Customer Data Management People

5. Keep your customer data secure

You need backups and more backups. One backup on the company server is not enough. Hell, for my own laptop, I have three different backup systems: a WiFi-based backup system, a USB external hard drive and a cloud-based backup system — and that’s just for one person.

Good customer data management means not only keeping several backups, but keeping your data very secure.

This is especially important if you have confidential or private information, like credit card numbers, Social Security numbers, personal health information, personal financial information, and so on. A data breach of this information will not only be terribly inconvenient for your customers, it can be very expensive for you to fix. (Make sure your business insurance covers cyber/data breaches.)

This also means restricting the levels of access among your employees. Only a few people should have complete admin access to your data, while others can be given editor-level access, and still others should be only given read-only access.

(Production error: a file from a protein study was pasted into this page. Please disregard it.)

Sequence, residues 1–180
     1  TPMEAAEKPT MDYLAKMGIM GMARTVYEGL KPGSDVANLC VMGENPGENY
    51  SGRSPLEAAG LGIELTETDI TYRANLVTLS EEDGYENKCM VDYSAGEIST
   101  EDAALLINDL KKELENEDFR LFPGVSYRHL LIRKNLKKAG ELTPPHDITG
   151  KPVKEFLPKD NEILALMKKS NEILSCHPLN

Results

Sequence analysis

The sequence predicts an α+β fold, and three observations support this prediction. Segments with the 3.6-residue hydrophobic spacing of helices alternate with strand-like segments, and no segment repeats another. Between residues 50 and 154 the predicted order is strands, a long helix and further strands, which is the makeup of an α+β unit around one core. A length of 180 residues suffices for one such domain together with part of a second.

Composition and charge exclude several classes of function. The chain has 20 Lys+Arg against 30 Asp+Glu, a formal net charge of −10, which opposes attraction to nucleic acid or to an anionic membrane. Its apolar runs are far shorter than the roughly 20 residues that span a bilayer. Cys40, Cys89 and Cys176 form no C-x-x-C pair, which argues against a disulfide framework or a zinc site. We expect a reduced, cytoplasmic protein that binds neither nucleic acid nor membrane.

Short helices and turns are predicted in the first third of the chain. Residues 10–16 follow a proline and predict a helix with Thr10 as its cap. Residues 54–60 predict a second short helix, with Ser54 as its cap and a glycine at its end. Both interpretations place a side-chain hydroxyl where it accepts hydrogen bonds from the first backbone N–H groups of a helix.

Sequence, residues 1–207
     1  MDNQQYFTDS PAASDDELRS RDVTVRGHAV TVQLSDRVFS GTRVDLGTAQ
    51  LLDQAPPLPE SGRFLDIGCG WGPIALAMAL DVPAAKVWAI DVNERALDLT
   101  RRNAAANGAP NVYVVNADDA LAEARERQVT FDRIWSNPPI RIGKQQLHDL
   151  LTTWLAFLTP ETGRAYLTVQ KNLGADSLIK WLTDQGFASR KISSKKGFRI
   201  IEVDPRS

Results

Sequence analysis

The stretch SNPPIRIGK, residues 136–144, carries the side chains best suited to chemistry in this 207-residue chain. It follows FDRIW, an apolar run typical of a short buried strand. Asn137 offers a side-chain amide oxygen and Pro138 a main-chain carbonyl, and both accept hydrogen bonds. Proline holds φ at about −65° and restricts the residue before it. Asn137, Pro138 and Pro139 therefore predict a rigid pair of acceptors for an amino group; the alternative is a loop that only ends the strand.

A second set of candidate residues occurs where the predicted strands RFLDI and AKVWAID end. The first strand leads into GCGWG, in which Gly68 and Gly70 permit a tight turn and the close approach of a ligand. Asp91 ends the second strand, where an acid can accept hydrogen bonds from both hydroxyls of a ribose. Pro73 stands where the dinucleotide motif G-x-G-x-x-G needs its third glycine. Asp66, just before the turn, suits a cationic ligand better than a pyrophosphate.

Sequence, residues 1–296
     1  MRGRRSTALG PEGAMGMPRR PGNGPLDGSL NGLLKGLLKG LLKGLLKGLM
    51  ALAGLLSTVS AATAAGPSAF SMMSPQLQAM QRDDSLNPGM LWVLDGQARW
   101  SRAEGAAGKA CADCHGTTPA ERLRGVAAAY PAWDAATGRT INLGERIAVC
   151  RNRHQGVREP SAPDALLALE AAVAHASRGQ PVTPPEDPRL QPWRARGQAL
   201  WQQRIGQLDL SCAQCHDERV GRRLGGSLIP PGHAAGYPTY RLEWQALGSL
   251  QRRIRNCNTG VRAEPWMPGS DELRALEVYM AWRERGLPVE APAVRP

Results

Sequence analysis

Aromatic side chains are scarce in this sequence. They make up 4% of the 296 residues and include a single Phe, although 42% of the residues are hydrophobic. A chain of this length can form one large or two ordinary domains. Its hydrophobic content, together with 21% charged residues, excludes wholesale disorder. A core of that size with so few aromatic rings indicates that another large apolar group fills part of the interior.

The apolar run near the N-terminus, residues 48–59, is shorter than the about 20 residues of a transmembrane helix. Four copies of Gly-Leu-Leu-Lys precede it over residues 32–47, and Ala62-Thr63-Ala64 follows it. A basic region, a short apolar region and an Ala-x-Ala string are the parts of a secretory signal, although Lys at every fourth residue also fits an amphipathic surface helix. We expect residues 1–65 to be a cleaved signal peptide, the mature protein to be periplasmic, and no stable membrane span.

Rather than giving several people the ability to add new records or make major changes to customer data, create a system where only a few people can approve changes, but others can make provisional changes and additions that have to be approved by the editors (sort of like Wikipedia). This keeps people from dumping reams of half-completed, incorrectly formatted records into your system.

Treat your data well

Customer data management best practices can mean the difference between costly marketing plans, poor sales performance, and poor analytics results. By following these best practices, you can ensure your data is clean, validated, and secure. Treat your data well, and it will treat you and your company well in return. Ignore it or treat it badly, and it will fail you every single time.

Erik Deckers
Erik Deckers is the president of Pro Blog Service, a content marketing agency. He is also the co-author of Branding Yourself, and No Bullshit Social Media. Erik has been blogging since 1997, and has been a newspaper humor columnist for over 20 years. He has written several radio plays and stage plays, and numerous business articles. Erik was recently the Spring 2016 writer-in-residence at the Jack Kerouac House in Orlando, FL.